A few days ago I started a post talking about how I got to this point in time and space that I’m living right now. I decided to start exploring some motivations I had during my childhood, since they’re the fundamental understading I aprimored throughout my life. My life isn’t very interesting, doesn’t have car chases or magic beans, doesn’t have adventures or crazy stuff. Just a regular life of a regular guy. But maybe this can light something up in someone’s head about what they can do with their own life.
My formal education
Getting past my basic education (up to 8th grade and highschool in Brazil’s educational system), I started a technical course in Informatics at a public school from a wider educational system called ETEC (an acronym for Technical School in portuguese), where I spent 3 semesters studying IT with an emphasys in development. By that time, I was learning how to develop in Pascal, Delphi 7 and Java.
I was pretty good in those at that time, my final project was with a friend who already was a mechatronics technician and we built an industrial storage control system prototype using Delphi 7 to control an external board with relays to start a motor to move a claw to certain positions, where it would then store or get products in a storage room. He did all the physical part and the integration, and I did the database management and GUI. It was good times.
One important thing that I took out of this time is: whenever I finished doing my tasks, I would go to other student’s computers and try to help them debug their software, understanding the error messages and reading their codes to find for errors. This would help me a lot to learn to quickly understand those error messages and where to start searching for mistakes in the code to fix, or even learn some strategies to debugging those codes with prints and echos for tracing the execution.
The point here is: optimize your time, don’t just stand there doing nothing and waiting, try to find something that interests you and invest time in these.
After finishing this technical course, I started studying at a university called FATEC (acronym from Technical Faculty in portuguese) that was mostly based on the same educational principles of the school I went for my technical formation. This time, I would ingress in a course called Security Information Tecnology Course (in Brazil, technology courses are courses with a quicker formation around 2,5 ~ 3 years to quickly deploy new capable people to the job market) which was a course with emphasys in computer networks. Actually, that’s an interesting and funny story: I initially intended to ingress in a Game Development Technology Course, which one year before my ingress you’d do 1 year of a common curriculum and then choose which way you’d want to follow: System analysis and development, game development or information security. I chose the IS course because it was the least crowded course for the selection process, but I ended up finding out later that I wouldn’t be able to change my course, so I stayed there hahahaha.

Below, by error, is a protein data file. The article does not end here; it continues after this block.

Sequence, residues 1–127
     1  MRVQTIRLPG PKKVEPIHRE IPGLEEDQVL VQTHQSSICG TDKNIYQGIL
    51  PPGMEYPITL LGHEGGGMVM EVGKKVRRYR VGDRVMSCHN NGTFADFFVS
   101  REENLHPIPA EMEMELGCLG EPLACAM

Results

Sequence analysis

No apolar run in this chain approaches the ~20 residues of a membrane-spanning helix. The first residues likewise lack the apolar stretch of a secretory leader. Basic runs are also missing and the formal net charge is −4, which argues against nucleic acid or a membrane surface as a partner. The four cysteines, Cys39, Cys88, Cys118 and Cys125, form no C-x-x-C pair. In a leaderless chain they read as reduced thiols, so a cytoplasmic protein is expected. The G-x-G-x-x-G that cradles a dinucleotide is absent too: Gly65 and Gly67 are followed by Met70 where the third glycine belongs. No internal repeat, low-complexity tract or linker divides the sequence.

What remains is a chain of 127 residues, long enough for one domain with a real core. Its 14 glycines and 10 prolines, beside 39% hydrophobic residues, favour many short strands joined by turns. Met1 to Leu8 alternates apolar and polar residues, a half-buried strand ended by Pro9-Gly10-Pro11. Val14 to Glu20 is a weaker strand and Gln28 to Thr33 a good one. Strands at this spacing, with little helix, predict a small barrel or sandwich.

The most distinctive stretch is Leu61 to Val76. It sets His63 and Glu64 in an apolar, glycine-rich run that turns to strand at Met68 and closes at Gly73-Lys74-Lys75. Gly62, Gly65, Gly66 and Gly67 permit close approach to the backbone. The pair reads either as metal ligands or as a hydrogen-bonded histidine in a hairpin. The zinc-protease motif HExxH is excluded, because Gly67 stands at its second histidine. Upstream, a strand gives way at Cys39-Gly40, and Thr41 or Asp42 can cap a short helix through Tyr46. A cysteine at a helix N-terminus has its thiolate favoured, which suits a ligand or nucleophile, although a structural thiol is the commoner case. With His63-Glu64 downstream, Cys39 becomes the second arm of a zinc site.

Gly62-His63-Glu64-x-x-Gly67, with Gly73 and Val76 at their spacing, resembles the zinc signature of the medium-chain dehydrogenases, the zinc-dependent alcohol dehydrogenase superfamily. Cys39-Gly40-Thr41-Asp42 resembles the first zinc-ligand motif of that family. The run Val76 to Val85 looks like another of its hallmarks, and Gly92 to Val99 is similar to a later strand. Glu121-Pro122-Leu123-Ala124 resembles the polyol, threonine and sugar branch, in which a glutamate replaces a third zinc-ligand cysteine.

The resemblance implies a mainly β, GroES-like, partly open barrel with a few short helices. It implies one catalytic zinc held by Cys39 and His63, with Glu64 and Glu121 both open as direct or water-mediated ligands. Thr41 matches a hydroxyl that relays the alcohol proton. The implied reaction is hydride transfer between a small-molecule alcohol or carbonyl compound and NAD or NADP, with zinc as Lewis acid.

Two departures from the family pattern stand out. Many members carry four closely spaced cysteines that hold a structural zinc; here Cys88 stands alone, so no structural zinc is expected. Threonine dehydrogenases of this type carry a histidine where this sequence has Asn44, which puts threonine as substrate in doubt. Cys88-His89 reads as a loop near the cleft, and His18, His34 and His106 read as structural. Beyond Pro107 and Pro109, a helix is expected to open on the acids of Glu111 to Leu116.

In this course I learnt a lot of things about computer networks, security mechanisms and services, risk managing and other things. The two most important things I got from this course was: (1) your life will be easier if you find something of interest as soon as you enter the course, because you can focus to learn about it along the years and then just apply it in your final project. At that time I was interested in behavorial psychology and similar areas, so I studied about Social Engineering (through Kevin Mitnik’s books, of course!) and just applied it in a scenario where I could gather data to make my final project. Well, and (2): If you’re interested in teaching, you can teach anything well if you study it well. I had some teachers that weren’t even from IT, but they had studied and learnt what they were supposed to teach us, and did it so well that it seemed like they had control over this all along. Other teachers (and one of them is like a mentor for me up to now) that got the classes with a lot of fallbacks and could do it so perfectly that no one was left behind, no matter their difficulties in the beginning.
That’s all for now, folks!
I’ll start discussing about my professional life and my later formal education in the next part of these topics. For now, I think those 2 parts are already interesting to be said =)